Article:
Once your site is promoted and starts appearing in search engines, you can evaluate your traffic. Your Internet Service Provider (ISP) should provide your site's usage logs, which give you incredibly useful information. (And if they don't, take your business elsewhere!)
You will need a good analysis tool to break down this data (some ISP's and / or professional Web site marketers provide this service as well). I currently use Hitbox, which is excellent.
The report will show you how many individual visitors came to your site, as well as hit count. You can see which pages of site are most popular, and which pages draw little traffic. Maybe this is because you haven't made them enticing enough in your links.
Armed with this analysis, you can intelligently review your site structure and content. For purposes of this discussion on search engine promotion, look at sections on search engines and keywords (you can find these by using navigation links in left-hand frame of report):
"Top Referring Sites" "Top Referring URL's" "Top Search Engines" "Top Search Phrases" "Top Search Keywords"
These charts and tables show you which search engines (or other Web sites that link to you) are driving most traffic to your site, and what keywords and phrases people are using to find you, broken down both by individual search engine and overall. Here's where you start getting some great feedback. You may have been fairly sure that you knew keywords that your markets would use to find your site, but you could be wrong! With this information, you can adjust titles, keywords and descriptions in your pages, and then resubmit site. This ongoing process helps to improve your position in search engines where you may not be so well placed.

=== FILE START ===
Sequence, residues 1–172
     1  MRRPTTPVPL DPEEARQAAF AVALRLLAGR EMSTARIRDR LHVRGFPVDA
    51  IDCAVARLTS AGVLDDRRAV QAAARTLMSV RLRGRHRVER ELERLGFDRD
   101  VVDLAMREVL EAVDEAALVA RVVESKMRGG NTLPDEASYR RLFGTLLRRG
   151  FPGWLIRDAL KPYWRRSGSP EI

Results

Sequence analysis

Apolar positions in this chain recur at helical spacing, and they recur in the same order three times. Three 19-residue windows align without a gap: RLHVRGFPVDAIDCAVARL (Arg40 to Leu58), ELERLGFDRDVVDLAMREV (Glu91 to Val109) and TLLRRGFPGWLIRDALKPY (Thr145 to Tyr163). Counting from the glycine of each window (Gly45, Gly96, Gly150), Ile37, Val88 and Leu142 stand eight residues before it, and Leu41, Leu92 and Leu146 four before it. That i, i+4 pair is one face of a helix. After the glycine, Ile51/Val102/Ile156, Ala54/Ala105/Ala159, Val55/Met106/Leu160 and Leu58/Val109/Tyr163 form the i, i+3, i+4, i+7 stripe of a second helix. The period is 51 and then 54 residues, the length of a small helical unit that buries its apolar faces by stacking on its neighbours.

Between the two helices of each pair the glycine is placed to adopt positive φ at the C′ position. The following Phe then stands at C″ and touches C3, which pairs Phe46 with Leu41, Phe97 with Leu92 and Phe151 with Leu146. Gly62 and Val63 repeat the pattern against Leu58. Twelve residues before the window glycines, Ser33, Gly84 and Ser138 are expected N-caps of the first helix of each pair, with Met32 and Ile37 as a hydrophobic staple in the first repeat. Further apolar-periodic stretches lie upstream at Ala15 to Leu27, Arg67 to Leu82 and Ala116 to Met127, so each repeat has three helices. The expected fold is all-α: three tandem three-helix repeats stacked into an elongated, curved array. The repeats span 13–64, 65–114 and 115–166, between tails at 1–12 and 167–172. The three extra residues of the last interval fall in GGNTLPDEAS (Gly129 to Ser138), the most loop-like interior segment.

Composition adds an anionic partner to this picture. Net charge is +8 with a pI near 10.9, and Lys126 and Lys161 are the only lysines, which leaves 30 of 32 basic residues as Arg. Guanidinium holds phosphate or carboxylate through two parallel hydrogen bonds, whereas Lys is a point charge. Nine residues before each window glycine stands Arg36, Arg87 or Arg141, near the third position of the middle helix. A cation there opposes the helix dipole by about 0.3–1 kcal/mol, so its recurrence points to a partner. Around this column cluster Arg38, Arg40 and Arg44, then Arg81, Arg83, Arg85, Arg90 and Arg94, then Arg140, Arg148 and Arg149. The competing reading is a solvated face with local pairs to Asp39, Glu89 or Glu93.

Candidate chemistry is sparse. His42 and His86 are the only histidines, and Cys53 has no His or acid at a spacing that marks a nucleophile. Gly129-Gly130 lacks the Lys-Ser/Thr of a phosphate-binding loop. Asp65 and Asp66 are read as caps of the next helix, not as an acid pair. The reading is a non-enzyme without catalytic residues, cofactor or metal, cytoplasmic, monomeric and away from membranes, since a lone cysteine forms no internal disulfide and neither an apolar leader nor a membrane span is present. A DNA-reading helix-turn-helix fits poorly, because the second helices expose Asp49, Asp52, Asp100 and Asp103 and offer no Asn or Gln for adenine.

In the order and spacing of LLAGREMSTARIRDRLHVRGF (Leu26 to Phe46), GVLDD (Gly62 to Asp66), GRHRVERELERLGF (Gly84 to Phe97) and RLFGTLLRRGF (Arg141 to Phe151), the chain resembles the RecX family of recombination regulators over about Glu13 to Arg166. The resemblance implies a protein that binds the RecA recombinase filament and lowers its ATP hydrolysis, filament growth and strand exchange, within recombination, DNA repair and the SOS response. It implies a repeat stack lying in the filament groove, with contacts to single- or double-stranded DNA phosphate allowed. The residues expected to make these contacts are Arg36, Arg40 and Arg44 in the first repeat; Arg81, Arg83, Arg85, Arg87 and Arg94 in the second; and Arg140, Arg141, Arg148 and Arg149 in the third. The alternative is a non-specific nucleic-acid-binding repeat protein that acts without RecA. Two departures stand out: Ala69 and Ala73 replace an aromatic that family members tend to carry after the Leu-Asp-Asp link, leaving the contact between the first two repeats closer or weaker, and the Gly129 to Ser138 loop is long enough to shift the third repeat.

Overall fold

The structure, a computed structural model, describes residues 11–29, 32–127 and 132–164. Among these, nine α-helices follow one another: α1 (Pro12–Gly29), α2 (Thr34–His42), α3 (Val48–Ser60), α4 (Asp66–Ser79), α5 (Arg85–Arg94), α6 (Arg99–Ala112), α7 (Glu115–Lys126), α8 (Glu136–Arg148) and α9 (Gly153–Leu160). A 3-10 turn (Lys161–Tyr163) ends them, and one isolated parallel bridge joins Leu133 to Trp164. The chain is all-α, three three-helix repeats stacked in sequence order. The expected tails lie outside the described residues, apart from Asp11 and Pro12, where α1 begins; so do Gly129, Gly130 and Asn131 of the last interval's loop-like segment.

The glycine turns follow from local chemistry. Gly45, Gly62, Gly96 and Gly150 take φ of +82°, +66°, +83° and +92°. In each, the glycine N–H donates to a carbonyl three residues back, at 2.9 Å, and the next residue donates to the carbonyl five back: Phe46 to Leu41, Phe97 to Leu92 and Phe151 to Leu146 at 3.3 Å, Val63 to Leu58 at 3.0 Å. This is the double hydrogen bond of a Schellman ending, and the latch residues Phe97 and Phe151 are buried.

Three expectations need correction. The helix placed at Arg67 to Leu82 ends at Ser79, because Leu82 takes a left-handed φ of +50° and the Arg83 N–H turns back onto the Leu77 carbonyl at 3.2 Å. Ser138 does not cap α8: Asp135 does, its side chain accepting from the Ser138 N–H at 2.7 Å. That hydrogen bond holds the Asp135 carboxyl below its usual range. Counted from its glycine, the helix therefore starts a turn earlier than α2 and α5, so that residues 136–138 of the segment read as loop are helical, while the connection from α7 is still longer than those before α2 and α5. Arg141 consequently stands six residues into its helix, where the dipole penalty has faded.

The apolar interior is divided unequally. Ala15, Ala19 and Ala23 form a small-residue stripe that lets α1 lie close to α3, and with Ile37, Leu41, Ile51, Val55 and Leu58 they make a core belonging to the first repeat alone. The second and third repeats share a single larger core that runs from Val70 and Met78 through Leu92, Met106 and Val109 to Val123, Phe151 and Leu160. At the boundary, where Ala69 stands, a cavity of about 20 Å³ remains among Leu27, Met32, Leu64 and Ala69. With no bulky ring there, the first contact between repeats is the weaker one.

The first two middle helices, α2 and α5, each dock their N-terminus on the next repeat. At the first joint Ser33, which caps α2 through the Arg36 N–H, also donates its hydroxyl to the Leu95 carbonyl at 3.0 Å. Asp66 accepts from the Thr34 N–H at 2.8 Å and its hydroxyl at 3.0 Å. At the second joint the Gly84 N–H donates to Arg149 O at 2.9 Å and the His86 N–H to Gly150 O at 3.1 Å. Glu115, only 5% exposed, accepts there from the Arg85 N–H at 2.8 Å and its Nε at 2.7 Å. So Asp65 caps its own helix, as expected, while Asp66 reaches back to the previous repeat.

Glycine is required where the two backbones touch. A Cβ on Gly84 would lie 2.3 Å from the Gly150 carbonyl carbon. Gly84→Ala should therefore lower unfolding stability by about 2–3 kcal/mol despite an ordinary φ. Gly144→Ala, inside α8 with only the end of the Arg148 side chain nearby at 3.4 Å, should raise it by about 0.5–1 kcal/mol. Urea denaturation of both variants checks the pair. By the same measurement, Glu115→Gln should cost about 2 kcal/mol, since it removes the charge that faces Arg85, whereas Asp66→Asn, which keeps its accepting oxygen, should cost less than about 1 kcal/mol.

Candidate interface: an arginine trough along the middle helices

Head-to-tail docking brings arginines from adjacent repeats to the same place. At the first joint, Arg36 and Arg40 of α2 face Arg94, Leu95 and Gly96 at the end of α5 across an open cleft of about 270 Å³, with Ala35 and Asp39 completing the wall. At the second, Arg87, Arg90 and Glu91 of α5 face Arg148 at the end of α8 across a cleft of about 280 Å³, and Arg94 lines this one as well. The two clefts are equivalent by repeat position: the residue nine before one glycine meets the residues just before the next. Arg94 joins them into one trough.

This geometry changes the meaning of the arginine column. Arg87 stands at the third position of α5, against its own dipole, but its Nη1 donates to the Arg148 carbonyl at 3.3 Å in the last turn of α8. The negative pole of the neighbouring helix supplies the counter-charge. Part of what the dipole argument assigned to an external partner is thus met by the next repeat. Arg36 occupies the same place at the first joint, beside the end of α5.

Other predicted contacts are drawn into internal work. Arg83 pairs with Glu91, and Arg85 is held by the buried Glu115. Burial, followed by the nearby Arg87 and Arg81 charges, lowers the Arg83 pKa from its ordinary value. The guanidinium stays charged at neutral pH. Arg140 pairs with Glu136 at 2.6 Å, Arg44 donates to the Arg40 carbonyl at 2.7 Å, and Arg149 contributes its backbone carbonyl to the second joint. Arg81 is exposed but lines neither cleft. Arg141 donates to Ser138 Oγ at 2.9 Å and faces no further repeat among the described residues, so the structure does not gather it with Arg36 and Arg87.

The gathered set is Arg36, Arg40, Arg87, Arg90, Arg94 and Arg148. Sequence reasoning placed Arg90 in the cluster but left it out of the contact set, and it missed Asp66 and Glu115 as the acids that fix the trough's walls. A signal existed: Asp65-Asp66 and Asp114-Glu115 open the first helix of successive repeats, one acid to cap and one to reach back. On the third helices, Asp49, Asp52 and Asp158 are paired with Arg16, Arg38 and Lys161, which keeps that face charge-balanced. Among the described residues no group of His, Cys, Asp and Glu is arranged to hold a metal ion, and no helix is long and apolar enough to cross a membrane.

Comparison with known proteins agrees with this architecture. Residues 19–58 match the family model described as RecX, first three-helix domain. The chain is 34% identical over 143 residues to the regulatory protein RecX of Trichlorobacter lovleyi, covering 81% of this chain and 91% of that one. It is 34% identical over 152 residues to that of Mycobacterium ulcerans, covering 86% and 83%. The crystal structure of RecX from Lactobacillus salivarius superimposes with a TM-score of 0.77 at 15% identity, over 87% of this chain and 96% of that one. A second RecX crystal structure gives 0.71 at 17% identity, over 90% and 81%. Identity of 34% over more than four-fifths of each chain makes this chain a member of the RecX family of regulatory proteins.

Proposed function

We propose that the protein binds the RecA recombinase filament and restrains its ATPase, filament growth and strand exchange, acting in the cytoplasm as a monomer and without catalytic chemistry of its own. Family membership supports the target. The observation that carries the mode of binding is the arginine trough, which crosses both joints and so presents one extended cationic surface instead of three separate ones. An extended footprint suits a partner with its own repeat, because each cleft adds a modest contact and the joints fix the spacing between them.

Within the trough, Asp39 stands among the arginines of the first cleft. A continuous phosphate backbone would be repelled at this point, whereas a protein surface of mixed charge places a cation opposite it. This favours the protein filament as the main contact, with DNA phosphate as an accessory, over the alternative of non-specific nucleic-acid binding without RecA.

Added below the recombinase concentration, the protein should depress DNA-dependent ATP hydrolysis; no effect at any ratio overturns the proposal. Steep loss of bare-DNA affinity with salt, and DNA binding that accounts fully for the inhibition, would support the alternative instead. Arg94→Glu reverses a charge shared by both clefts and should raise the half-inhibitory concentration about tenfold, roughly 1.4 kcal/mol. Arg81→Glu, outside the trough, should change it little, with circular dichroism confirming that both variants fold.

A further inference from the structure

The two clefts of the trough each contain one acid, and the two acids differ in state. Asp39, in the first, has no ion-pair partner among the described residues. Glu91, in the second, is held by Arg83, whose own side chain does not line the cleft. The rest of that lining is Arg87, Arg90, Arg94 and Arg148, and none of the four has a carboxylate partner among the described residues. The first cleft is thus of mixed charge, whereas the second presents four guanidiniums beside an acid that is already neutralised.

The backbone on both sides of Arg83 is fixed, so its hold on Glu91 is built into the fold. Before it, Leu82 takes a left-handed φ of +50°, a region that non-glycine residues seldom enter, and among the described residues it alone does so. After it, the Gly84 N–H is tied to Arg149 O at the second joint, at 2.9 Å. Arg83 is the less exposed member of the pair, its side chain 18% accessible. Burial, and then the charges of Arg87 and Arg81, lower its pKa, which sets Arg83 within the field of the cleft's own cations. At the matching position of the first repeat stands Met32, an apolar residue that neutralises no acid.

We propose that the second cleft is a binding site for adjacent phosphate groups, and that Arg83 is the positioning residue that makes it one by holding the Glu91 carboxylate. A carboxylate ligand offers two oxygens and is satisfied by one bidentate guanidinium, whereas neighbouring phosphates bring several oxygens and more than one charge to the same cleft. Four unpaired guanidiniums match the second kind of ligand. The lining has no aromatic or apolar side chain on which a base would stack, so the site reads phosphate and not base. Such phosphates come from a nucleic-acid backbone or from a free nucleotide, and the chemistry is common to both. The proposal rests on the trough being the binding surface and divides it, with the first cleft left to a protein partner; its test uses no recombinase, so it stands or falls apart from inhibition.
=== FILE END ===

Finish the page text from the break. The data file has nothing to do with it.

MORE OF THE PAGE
This also provides wonderful market research on your audience. Rita Risser's company, Fair Measures, provides legal training for managers in area of employment law. Her Web site is an extensive information resource, attracting over 6,000 visitors per month.
Rita told me that her logs showed that many visitors were searching for a specific topic that was a total surprise to her. But there was such demand for this subject that she decided to write a book on it.
If you view Webtrends report while online, you can click on most popular search strings and perform that actual search. This will show you how your site appears, and also what other pages are being returned. So if your competition is ahead of you, it may be possible to look at their promotional techniques and work out how they do it!
Take your Web marketing seriously. The Web affords you opportunity to track results of your marketing investment in ways that you never could with traditional advertising. You can learn something about literally every visitor to your site.
Get serious about your Web site marketing; set your goals, invest in an ongoing strategy, and then become even more successful!
Copyright, Philippa Gamse, 2000
Philippa Gamse, CyberSpeaker, is an internationally recognized e-business strategist. Check out her free tipsheet "Beyond the Search Engines" for 17 ideas to promote your Website: http://www.CyberSpeaker.com/tipsheet.html Philippa can be reached at (831) 465-0317 or mailto:pgamse@CyberSpeaker.com